13 January 2010

Sacha: Amazon Day 2 (Part III)...Ecuador: December 27, 2009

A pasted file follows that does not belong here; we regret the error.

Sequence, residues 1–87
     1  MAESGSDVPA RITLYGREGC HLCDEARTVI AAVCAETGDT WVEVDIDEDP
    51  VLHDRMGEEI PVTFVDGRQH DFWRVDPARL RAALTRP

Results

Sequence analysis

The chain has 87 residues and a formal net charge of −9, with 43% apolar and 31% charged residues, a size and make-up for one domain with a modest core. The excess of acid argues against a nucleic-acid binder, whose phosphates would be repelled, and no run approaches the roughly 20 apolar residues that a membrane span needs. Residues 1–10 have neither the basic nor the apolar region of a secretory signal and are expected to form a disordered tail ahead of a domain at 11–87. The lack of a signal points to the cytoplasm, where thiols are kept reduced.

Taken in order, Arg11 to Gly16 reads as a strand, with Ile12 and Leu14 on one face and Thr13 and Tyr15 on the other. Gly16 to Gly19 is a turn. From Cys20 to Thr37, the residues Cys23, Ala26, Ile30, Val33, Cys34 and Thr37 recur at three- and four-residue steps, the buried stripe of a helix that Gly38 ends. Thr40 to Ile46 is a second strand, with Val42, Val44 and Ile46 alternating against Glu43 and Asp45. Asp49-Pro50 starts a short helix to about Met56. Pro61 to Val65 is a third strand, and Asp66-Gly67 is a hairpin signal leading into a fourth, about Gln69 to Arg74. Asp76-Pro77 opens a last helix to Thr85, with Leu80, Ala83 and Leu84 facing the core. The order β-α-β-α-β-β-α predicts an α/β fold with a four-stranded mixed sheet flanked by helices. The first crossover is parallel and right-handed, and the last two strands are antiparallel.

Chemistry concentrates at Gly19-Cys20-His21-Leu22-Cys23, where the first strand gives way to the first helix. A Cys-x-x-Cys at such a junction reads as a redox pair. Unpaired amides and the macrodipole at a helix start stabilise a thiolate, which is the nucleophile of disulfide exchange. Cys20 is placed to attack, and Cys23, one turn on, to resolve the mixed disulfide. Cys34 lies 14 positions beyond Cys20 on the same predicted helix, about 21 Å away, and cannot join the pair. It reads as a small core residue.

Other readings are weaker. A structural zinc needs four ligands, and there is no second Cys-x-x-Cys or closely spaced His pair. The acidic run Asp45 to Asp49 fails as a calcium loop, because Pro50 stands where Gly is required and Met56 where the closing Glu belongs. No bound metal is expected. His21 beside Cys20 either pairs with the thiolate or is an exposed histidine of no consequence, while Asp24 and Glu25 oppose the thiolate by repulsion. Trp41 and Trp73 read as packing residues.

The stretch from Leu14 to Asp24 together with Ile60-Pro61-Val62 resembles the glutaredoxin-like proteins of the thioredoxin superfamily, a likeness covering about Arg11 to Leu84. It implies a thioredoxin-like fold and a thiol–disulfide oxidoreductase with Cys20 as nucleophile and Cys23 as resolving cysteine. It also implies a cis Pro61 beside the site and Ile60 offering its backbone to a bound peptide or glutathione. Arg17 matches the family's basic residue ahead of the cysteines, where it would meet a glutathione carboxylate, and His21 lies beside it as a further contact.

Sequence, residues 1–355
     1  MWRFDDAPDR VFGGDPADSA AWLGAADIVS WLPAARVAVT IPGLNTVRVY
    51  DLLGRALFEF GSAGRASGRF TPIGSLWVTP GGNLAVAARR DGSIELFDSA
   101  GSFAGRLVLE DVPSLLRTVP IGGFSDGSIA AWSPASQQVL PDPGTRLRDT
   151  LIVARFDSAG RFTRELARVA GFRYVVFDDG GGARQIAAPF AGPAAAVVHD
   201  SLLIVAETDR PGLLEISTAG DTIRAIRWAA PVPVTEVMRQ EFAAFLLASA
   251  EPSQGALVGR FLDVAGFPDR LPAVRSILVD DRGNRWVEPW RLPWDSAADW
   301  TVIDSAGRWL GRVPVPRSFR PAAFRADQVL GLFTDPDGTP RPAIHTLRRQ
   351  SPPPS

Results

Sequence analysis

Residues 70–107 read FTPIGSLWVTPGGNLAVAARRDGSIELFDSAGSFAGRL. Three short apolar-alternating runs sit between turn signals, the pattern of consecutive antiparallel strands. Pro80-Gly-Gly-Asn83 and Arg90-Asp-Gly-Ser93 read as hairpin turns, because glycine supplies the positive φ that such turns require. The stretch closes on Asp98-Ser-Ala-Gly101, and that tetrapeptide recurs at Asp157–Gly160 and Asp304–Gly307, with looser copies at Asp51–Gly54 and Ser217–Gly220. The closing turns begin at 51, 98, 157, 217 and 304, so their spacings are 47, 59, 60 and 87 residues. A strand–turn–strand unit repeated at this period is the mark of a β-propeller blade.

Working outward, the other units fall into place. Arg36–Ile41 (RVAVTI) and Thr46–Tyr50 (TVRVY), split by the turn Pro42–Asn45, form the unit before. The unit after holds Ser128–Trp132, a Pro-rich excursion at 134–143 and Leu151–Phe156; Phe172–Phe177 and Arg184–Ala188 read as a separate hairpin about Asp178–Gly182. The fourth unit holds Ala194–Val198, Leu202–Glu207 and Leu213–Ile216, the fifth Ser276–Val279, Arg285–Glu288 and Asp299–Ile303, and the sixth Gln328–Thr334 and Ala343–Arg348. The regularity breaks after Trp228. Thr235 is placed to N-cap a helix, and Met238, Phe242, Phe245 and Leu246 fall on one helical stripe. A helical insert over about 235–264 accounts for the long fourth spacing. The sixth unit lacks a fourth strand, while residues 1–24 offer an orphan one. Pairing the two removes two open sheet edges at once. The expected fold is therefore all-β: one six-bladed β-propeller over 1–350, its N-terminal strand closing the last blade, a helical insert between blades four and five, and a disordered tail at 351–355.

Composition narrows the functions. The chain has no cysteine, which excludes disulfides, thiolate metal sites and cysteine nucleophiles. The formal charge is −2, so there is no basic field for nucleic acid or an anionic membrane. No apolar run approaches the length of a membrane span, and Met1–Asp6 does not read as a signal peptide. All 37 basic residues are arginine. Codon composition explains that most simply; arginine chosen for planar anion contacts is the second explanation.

For this afternoon out of Sacha Lodge we went canoeing down a blackwater creek. This is a great way to bird flooded varzea forest. It is also one of the great Amazon birding experiences, to be gently paddled down a narrow creek spotting birds and primates all around. We went down the menacingly named "Anaconda Creek". There was no sign of anacondas anywhere (unfortunately I am still looking for my first), but there were some great birds to be had. Several Slender-billed Kites (with their strange Snail Kite-like bills) were seen scanning the murky waters for snails (bottom photo), a little further along the creek a White-chinned Jacamar gave its hiding place away when it called loudly, and a Chestnut Woodpecker was extremely approachable by gently idling up to it in our small canoe (middle photo). Also along there was another obliging bird untroubled by our boat quietly sidling up to him, a male Silvered Antbird (top photo). One of the group had a distinct woodpecker "fetish" and so was over the moon when we found one of his top target birds that afternoon, the incredible Cream-colored Woodpecker, that even chose to get down to it and mate right in front of us. Bruce was ecstatic! However, the afternoons "Top Trump" was a shy and retiring antbird. All was calm and we were enjoying a slow trickle of new and exciting birds, then a Black Bushbird responded to our overtures. Then it responded and responded again, and before we knew it, it was calling right by the creek (having covered some distance to get to us from its original calling position). Much manoeuvering of the boat was required for us all to get a look at its odd, bent bill that makes this such an unsual and charismatic antbird. Seeing as local guides here see it about twice a year this was a welcome lifer for me and very, very appreciated. Maybe not the most flashy but by virtue of its rarity a highlight of our time in the Amazon. We finished off spotlighting a Tawny-bellied Screech-Owl that had eluded us so expertly the night before.

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